Intel’s upcoming new chip architecture, code-named Nehalem had a design based on a straightforward principle of modern system design. To run a computer you need a microprocessor and to run a very powerful computer, you need a lot of microprocessors stuck together.
To run them efficiently you need an efficient architecture and, according to Intel, efficiency is what Nehalem, an eight-core Xeon, is all about for the chip is aimed at the datacentre and especially at the largest datacentres or mega datacentres.
Mega datacentres run by companies like Amazon and Google and others of enormous size like that account for around a quarter of all the datacentres in the world. Cloud computing is helping to fuel the growth in the size of datacentres and according to Intel, 20 to 25 percent of all server shipments will go to mega datacentres by 2012.
The issue that Nehalem is supposed to address is how to optimise the datacentres so that they work with maximum efficiency? As datacentres are getting bigger and bigger and are based on more and more microprocessors linked together, that is no small problem.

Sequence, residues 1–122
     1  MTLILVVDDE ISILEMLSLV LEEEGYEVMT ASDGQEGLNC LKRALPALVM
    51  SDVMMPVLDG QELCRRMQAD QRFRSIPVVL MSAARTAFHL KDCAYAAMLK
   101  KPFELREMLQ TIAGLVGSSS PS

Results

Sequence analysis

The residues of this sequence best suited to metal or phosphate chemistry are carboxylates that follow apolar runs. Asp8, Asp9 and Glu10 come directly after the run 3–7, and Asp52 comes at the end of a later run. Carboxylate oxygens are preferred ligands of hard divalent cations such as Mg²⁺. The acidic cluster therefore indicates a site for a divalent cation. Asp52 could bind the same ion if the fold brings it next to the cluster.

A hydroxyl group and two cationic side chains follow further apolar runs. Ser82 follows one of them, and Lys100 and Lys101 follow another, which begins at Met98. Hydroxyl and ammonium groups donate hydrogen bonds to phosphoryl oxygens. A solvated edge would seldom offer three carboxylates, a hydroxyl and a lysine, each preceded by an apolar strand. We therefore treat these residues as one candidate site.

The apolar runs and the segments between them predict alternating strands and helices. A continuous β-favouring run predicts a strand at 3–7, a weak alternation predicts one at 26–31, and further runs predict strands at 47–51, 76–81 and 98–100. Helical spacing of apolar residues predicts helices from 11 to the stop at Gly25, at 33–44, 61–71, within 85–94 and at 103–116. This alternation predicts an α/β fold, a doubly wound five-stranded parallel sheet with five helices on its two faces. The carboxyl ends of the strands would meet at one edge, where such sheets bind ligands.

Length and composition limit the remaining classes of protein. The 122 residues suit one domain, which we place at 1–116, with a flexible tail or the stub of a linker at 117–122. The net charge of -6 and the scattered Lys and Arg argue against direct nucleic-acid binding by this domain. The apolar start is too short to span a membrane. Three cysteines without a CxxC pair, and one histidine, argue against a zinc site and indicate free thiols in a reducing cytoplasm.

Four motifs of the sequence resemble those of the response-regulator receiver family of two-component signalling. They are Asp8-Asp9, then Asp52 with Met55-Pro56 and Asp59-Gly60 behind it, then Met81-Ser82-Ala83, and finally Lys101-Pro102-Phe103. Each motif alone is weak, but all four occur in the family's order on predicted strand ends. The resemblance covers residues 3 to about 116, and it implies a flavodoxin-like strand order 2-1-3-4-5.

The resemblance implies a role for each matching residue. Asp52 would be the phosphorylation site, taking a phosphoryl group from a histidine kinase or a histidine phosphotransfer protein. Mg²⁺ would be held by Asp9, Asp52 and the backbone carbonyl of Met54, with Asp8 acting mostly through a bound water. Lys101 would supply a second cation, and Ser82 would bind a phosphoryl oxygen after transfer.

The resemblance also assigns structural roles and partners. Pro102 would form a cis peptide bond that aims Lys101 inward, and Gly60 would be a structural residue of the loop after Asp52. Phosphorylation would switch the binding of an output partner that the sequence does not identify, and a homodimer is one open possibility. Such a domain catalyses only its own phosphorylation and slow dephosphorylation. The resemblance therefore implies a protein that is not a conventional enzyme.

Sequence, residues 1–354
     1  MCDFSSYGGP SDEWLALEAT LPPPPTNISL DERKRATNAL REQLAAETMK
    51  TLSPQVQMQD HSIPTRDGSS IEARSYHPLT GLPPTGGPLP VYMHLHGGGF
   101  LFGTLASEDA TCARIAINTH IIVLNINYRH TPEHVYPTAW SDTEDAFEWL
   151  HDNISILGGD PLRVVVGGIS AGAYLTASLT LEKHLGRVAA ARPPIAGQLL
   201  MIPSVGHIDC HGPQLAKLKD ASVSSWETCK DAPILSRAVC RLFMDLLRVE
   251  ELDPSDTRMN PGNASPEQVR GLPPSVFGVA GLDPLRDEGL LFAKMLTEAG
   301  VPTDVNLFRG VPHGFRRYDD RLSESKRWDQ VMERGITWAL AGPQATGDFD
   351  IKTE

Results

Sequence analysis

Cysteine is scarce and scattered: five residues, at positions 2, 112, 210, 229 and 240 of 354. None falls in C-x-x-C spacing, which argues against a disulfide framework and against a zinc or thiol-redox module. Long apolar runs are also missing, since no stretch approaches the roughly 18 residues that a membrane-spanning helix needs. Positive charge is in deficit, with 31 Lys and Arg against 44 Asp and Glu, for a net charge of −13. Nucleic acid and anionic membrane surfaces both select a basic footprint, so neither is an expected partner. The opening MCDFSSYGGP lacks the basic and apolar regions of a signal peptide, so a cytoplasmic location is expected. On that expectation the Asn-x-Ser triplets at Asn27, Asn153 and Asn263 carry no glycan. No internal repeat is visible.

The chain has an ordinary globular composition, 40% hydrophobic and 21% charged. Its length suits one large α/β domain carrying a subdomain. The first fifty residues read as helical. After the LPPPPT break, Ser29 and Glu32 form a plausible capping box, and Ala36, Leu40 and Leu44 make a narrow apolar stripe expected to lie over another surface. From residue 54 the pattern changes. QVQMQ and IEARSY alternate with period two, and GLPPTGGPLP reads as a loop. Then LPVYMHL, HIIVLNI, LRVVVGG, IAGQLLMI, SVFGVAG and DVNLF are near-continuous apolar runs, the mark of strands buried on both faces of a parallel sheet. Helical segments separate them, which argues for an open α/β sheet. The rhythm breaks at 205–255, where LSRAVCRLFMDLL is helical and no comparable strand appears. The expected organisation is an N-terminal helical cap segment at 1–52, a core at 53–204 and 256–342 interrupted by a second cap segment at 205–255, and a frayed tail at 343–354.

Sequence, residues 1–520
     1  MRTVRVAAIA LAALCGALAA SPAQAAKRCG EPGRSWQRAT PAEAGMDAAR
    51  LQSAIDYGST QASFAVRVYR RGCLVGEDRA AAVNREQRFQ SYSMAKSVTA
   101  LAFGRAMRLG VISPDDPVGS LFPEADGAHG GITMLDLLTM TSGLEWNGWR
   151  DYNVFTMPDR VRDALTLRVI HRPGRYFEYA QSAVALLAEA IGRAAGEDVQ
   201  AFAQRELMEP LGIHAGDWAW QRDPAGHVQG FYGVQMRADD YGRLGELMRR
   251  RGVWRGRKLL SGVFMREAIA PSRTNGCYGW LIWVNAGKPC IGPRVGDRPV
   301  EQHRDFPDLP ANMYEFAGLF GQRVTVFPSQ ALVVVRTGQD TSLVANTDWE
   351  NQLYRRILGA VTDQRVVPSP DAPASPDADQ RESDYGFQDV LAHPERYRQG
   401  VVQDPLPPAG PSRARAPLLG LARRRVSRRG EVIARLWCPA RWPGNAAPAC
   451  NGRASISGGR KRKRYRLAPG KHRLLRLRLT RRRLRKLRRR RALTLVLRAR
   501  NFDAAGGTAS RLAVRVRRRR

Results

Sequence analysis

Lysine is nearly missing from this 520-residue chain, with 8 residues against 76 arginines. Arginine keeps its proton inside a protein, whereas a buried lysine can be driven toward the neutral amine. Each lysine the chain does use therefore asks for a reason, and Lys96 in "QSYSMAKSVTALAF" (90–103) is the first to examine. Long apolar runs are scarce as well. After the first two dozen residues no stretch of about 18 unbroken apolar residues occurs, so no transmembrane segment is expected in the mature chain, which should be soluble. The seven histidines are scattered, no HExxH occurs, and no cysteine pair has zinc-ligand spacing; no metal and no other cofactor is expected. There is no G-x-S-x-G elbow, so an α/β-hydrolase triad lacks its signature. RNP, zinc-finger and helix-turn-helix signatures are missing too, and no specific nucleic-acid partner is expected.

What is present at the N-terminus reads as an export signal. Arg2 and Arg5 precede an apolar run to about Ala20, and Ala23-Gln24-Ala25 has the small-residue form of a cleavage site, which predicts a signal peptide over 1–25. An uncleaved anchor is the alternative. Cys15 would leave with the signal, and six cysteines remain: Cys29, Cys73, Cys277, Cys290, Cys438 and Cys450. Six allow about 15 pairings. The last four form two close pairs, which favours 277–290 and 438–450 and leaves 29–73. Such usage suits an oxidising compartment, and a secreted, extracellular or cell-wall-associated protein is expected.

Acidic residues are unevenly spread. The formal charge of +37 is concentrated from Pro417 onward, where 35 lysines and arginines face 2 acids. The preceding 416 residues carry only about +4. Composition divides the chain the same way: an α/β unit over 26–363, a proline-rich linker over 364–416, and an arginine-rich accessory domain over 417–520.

Intel is working on that crucial issue and at a briefing on Tuesday, Intel’s general manager for high density computing, Jason Waxman, outlined that plan. “We are developing a cloud architecture aimed at mega datacentres with hundreds of thousands of servers that can be balanced automatically,” he said.
The datacentre design will allow for centres that can be balanced and re-sized automatically, Waxman said.
Waxman also said that Intel will use Nehalem to spearhead a full push into mega datacentres. “We've designed a server for a Nehalem-based board that's optimised for our cloud-computing infrastructure,"
During the course of his talk, Waxman was in effect outlining a dream for anyone who is involved in running a datacentre. Provisioning datacentres is a pain for many IT managers so it would be nice if that could happen easily if not automatically and even better if the systems and the chips on it can dynamically shif priorities depending on circumstance. In a large multiprocessor (and almost all computers today are multiprocessor) dynamically re-allocation of resources are good.
The Nehalem processor will be officially launched later this year.